Why is a hospital running some touchy-feely program against gun violence? It’s an excellent question, because it determines the degree to which the massacre on our streets is about “gun control” or public health.
The answer is brutally simple: It’s both.
The Enquirer reported last January how Dr. Jay Johannigman, a two-tour Iraq war veteran and head of trauma care at University Hospital, “cared for soldiers riddled with shrapnel or bullets in battle and has spent too much of his civilian career digging bullets out of young men who are the casualties of urban warfare. ‘What you learn in a big-city emergency room serves you well in war,’ said Johannigman, a lieutenant colonel in the Air Force Reserve.”
That’s right. We’ve let gun violence in Cincinnati become a trauma surgeon’s training ground for war, instead of the other way around.
Mayor Mallory now has the city’s full attention, and he must lead Cincinnati out of this public safety emergency. Only he can propose a complete strategy to end the violence – one based on data and analysis – that can unite the city’s liberals, conservatives and moderates behind the same cause.
In 2001, professor Lawrence Sherman of the University of Pennsylvania wrote a meta-analysis called Reducing Gun Violence: What works, what doesn’t, what’s promising. Sherman collected research from around America and evaluated anti-gun violence policies in terms of epidemiology – i.e., whether they tackled the causes of gun violence like the causes of a disease.
Sherman found that, while gun buyback programs are a policy failure, “gun patrols” by uniformed police are empirically shown to work. Officers patrol “gun crime hot spots, in areas with homicide rates … above the national average … looking for illegally carried guns.”
A 1992 experiment in a high-crime Kansas City area showed “a 49 percent reduction in crimes committed with guns.”
In 1996, two areas in Indianapolis showed a 50 percent and a 22 percent drop, respectively, in “gun assaults, armed robberies and homicides.”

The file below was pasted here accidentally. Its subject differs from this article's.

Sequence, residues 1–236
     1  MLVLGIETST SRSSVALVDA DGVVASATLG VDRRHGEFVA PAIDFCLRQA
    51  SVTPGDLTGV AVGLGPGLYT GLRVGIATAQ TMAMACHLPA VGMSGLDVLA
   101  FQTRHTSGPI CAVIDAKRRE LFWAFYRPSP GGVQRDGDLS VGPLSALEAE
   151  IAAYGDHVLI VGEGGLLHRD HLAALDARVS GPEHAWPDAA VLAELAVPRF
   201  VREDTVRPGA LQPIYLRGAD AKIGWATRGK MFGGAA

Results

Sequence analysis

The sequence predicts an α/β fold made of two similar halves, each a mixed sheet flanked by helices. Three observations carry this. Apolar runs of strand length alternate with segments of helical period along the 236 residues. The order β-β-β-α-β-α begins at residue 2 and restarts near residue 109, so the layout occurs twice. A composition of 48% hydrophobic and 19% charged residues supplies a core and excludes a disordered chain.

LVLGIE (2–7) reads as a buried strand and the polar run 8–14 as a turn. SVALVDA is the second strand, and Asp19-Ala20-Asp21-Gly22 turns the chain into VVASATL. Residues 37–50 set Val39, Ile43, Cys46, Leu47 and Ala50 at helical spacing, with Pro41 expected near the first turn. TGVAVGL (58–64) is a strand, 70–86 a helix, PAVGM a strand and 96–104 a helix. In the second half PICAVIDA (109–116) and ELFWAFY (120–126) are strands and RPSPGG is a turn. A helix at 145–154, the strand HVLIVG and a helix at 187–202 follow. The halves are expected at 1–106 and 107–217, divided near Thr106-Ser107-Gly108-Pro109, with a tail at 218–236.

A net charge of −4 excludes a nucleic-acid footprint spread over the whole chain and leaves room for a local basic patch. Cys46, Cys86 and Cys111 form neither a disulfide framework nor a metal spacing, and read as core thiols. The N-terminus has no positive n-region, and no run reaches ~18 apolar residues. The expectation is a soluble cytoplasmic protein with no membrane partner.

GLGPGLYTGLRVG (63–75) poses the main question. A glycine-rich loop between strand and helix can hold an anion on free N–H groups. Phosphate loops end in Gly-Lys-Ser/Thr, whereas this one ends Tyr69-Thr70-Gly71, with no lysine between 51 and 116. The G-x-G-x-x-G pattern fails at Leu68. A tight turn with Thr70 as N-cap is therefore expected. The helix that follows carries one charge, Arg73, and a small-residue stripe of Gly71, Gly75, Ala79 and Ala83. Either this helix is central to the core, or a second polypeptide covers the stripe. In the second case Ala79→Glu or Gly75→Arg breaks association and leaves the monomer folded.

Sherman also discusses the utility of “ammunition control” and outright handgun bans. While there is no conclusive data yet to show these ideas definitely work, the data we have are “promising.” Sherman argues that the only way to know for sure is to experiment. Therefore, I suggest that:
(1) Cincinnati City Council amends Municipal Code Sec. 708-17 to state simply, “No person shall sell handgun ammunition to any purchaser with whom the seller is not personally acquainted.”
(2) Subject to Ohio’s Concealed Carry law, City Council ban for one-year civilian handgun possession within the city limits. (Note: The Second Amendment does not apply against state and city government regulation.) (3) Mallory and the Hamilton County Commissioners raise city and county taxes to hire the extra police, and build the extra jail space, needed to run uniformed officer gun patrols in high crime areas.
Combined with the social resources of “Out of the Crossfire,” maybe these steps can end our gun violence epidemic.
Seventy-six people have been killed by violence in Cincinnati this year – most by guns.
University Hospital’s trauma unit expects to treat 328 gunshot-wound victims this year. In 2000, the unit treated 111.
Since Jan. 1, 2002, 1,588 people have been wounded by gunfire in Cincinnati.
In the first 10 months of this year, police have received reports of shots being fired more than 2,900 times or about 10 times a day.
University Hospital trauma unit director Dr. Jay Johannigman said he expects to see the highest number of gunshot victims in five years.
“The community has to be aware of these numbers. If we abandon our community to this kind of senseless violence, it speaks legions about where we are. Downtown and areas like Over-the-Rhine and Avondale cannot be abandoned.”
He likened Cincinnati and surrounding areas to a doughnut, sweet on the outside with a hole in the middle. “We can’t put all of our resources in the suburbs. If we abandon downtown, saying we don’t care, we become like Detroit or east St. Louis. I don’t live in those cities.”
So, what’s the problem?
The Enquirer invited 12 political leaders and community activists to a roundtable last week to discuss the growing violence in the city, the reasons behind it and what can be done to curb it.
The group identified several problems. They cited drugs, single-parent households, lack of education, hard-to-come-by jobs in the inner city, a culture that sees nothing wrong with guns and where revenge is a common theme.
They talked about an inner-city culture that glorifies gangs, accepts the pregnancies of 14-, 15- or 16-year-old girls.
Make no mistake, they said, Cincinnati has a problem. In fact, Army trauma surgeons and doctors don’t have to go to the frontlines of war for training – they’re being trained here in Cincinnati.
Mayor Mark Mallory, elected last month, said he will accept responsibility for bringing the city back. He said he has a number of initiatives to do that, but declined to announce them.